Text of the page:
Maryland is on the verge of adopting an educational plan designed to transform the state’s public schools, a strategy that requires a down payment of hundreds of millions of additional dollars over the next two years.
The bill, a top priority of Democratic leadership, needs approval from the House of Delegates before the General Assembly finishes its 90-day session on Monday night at midnight.
Sen. Paul Pinsky (D-Prince George’s), who served on the panel, also known as the Kirwan Commission, described the legislation as an initial payment on a 10-year plan to create a world-class school system in Maryland and ensure that all students, regardless of race and ethnicity, are “college- and career-ready” by 10th grade.
The measure calls for allocating $725 million through fiscal 2022 and requires an additional $130 million to be spent if the legislature identifies a way to pay for it.
“At some point, there will be a fundamental decision this legislature is going to have to make,” Pinsky said, regarding how to pay for the Kirwan recommendations over the next decade. The commission suggests the state increase the funding commitment to $3.8 billion by 2030.
The Kirwan Commission, which worked for more than two years on creating education policies, did not come up with a formula to allocate costs to the state and each of the local government. Members are expected to work on that plan over the next nine months.
Sen. Bill Ferguson (D-Baltimore City), the vice chairman of the Budget and Taxation Committee, said the state next year could look at legalizing recreational marijuana and sports betting to help pay for education. He said the state also plans to use sales tax from some online companies. The legislature is moving a bill that would allow it to collect taxes on “marketplace facilitators” — businesses, such as Poshmark and Amazon, which enter into contracts with third parties to sell goods on the platforms.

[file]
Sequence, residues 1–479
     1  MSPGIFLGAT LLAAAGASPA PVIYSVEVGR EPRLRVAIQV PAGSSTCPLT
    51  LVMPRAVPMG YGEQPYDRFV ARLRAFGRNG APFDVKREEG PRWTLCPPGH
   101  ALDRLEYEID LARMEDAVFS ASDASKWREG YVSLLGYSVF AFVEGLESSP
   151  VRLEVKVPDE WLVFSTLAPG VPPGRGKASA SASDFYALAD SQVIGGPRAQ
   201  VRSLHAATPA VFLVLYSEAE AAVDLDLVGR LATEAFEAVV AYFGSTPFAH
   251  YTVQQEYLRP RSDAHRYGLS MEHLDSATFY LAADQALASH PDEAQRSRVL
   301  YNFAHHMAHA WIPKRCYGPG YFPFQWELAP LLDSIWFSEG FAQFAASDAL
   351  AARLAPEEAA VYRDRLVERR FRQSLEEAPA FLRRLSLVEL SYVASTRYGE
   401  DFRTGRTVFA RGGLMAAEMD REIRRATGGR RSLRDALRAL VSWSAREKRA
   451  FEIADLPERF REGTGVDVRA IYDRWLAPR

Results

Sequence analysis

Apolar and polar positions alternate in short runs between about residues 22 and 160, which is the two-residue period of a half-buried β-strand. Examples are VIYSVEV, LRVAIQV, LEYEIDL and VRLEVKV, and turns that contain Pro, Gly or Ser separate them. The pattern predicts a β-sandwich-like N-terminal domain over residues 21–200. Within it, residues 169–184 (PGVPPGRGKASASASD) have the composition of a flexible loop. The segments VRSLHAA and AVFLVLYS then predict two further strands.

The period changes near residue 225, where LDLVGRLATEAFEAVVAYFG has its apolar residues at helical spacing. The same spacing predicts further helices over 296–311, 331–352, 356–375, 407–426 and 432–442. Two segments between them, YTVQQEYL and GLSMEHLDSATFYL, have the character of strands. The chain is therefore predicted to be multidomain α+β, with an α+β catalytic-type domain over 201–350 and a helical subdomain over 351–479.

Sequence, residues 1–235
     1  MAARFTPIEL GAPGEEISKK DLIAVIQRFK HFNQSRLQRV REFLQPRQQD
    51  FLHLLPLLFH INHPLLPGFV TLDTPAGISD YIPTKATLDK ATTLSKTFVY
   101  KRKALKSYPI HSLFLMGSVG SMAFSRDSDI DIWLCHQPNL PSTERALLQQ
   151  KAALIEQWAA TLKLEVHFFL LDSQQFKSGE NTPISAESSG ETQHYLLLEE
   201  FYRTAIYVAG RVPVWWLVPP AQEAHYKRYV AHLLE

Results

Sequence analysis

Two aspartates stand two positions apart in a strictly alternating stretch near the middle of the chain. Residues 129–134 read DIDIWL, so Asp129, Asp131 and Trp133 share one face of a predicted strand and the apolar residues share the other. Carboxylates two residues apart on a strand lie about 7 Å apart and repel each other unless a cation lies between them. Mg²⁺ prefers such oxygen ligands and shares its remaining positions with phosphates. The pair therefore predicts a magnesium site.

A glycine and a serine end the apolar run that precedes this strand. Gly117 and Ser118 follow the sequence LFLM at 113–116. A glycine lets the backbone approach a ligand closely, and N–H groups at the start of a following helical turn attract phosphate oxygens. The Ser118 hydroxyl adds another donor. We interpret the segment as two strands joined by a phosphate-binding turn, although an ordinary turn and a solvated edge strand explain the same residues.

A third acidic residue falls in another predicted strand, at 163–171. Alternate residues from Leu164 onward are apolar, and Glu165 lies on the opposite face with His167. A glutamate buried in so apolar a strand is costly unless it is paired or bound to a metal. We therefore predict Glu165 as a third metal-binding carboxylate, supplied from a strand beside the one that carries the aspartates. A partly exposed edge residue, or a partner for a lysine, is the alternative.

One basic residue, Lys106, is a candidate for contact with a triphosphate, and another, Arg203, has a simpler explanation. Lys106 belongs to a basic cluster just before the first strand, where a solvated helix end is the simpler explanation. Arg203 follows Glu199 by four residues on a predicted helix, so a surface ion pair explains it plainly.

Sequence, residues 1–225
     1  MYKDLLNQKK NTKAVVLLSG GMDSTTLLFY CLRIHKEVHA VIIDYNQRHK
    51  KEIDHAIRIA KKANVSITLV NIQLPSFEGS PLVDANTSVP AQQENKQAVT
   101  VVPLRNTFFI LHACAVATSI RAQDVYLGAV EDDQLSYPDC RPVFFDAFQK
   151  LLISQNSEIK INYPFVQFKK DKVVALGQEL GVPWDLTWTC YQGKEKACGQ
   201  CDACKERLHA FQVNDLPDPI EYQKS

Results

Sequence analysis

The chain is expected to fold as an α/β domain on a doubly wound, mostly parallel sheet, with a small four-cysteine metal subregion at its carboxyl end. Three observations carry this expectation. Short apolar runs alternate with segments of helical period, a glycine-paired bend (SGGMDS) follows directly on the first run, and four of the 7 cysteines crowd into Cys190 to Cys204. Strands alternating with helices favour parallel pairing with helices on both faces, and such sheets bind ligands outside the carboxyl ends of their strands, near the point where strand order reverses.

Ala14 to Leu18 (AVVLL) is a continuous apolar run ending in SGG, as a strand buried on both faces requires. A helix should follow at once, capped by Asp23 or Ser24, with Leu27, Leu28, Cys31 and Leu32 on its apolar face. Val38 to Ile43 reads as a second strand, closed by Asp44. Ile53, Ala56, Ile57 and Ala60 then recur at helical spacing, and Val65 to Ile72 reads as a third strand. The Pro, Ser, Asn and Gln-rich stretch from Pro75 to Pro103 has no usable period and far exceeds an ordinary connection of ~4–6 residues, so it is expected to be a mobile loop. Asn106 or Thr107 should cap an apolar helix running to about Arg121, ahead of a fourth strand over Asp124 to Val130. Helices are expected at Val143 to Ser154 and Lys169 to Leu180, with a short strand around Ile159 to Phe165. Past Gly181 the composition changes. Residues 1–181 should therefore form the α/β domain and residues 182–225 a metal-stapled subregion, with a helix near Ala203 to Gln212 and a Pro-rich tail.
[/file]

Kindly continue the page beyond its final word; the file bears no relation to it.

The recommendations from the panel include expanding early-childhood education, increasing teacher pay and boosting spending on special education. It also calls for grants to schools with high poverty rates and for improving teacher standards.
Over the next two years, the legislation would pay for school-based health centers, grants for schools where at least 80 percent of the students are eligible for free or reduced-price meals, raises for teachers (the state will provide a 1.5 percent raise if the local district gives 3 percent) and grants to improve teacher standards.
The Senate bill also calls for the creation of an Office of the Inspector General, which would investigate complaints of waste, fraud and abuse in public schools as well as in private schools that receive state funds.
Under the bill, the inspector general would be appointed by a majority vote of the governor, state treasurer and attorney general. The five-year appointment would be subject to Senate confirmation.
Late Tuesday, Republican lawmakers offered numerous amendments to the creation and duties of the Office of Inspector General.
Senate Minority Whip Stephen Hershey Jr. (R-Kent) unsuccessfully pushed for an amendment that would require a unanimous vote of the three elected officials. Sen. Andrew A. Serafini (R-Washington) offered an amendment to exempt private schools from the inspector general’s duties, but it failed 27 to 16.
Gov. Larry Hogan (R) has repeatedly pushed for legislation to create an inspector general post and was critical of any additional spending on schools without strong accountability.